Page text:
According to Aristotle, the plot events in a tragedy are related according to the principles of probability and necessity. The events must be probable and necessary in order for the tragedy to be effective.
In a tragedy, the event that is most important is the turn or reversal of fortune. The tragic hero must have a tragic flaw that leads him or her down a path toward destruction. There must be an element of inevitability in this process, which can only be achieved if everything that happens makes sense within the context of the play.
The events that make up the plot must be probable in order for them to be believable. If they’re too far-fetched or unbelievable, then they will not have any emotional impact on the audience. For example, if someone sees a character who is supposed to be dead suddenly appear alive again, this would not be considered “probable” because it’s hard to believe that a person could come back from the dead so easily.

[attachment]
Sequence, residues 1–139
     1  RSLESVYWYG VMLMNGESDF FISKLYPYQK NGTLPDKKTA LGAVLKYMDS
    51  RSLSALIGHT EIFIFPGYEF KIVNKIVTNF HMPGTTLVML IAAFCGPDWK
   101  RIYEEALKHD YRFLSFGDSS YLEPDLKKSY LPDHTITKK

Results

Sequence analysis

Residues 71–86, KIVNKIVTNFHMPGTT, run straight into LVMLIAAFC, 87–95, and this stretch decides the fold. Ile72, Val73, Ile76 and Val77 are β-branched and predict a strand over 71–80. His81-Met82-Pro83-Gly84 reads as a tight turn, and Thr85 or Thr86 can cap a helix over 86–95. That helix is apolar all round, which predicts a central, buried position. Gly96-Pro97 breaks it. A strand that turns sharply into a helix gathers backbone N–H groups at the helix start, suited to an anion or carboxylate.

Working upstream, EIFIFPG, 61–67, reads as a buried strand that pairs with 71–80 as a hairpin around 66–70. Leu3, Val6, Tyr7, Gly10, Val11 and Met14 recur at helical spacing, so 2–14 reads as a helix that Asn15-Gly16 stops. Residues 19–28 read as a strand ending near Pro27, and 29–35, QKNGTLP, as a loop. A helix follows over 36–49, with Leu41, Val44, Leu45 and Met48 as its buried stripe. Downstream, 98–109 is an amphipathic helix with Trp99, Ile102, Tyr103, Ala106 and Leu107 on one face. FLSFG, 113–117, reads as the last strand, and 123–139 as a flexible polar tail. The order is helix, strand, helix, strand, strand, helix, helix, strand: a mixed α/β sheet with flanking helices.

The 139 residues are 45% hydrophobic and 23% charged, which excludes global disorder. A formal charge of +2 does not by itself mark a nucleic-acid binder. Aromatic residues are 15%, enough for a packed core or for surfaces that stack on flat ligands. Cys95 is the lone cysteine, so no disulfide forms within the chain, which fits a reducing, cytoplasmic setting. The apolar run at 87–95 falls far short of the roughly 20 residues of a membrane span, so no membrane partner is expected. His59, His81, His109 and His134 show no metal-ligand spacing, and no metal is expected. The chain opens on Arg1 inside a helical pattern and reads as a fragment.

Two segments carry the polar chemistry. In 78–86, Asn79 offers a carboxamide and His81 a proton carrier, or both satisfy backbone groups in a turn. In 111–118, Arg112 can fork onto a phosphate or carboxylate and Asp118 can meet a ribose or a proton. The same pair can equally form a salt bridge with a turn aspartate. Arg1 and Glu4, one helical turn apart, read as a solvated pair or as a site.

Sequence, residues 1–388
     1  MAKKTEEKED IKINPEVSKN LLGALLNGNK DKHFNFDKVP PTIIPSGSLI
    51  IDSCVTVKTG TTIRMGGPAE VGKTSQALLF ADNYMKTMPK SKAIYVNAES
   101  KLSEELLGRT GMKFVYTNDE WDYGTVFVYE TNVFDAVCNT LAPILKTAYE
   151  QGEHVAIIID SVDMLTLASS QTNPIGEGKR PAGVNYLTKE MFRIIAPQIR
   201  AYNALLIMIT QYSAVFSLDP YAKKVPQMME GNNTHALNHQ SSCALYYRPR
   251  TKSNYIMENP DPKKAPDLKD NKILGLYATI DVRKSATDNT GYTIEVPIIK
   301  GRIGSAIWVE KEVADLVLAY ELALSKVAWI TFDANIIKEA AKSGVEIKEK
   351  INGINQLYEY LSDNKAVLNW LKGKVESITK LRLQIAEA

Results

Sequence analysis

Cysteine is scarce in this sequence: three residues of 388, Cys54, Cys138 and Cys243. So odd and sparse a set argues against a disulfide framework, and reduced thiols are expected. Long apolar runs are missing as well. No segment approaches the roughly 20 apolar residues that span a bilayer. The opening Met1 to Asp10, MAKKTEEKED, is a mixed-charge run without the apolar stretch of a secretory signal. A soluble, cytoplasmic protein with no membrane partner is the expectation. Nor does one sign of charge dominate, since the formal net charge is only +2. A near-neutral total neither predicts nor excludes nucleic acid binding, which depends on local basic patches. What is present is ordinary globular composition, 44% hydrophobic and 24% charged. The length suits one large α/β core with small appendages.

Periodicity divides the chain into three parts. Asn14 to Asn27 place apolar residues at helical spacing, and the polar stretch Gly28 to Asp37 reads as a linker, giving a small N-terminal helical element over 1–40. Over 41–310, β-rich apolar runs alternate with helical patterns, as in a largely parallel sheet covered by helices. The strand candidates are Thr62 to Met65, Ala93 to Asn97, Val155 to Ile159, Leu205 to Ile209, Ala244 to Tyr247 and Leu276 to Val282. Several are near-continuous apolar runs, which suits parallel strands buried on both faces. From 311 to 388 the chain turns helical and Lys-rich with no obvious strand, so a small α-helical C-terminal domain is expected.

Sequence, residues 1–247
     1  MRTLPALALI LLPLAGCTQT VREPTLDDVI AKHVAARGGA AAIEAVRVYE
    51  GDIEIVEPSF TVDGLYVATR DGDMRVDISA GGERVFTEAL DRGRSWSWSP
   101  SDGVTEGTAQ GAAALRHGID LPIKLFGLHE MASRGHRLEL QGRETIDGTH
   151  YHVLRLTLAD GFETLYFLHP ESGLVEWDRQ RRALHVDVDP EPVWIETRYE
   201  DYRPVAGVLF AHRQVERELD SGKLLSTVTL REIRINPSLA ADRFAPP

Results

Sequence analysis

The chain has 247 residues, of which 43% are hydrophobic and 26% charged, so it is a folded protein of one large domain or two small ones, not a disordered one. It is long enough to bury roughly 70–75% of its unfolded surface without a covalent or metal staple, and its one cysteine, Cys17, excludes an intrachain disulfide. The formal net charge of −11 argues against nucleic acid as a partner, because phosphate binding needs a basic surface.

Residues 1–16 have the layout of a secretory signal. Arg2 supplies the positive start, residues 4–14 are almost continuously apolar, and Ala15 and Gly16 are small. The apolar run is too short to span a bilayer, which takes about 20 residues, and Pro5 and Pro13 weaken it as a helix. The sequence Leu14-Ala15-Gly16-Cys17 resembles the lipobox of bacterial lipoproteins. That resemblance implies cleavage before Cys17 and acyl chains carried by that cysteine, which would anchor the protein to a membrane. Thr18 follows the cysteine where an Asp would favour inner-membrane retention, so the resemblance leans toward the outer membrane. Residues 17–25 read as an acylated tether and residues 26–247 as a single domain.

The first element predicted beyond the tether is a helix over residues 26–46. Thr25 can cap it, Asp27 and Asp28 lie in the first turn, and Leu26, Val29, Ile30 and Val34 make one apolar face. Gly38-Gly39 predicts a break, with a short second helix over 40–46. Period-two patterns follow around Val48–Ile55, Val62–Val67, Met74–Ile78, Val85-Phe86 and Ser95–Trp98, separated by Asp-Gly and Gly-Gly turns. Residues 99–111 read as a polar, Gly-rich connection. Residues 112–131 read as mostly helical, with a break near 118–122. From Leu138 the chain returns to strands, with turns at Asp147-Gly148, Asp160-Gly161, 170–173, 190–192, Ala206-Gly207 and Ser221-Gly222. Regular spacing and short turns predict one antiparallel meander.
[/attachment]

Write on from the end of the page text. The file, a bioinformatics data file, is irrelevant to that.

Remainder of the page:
What’s more, the events must also be necessary in order for them to make sense when put together into one story. This means that all of these events have some sort of connection with each other; they are related somehow. For example, if someone saw another person get killed by his own brother, then this would not make sense as part of one story because it would just seem random and unrelated to anything else happening in the play.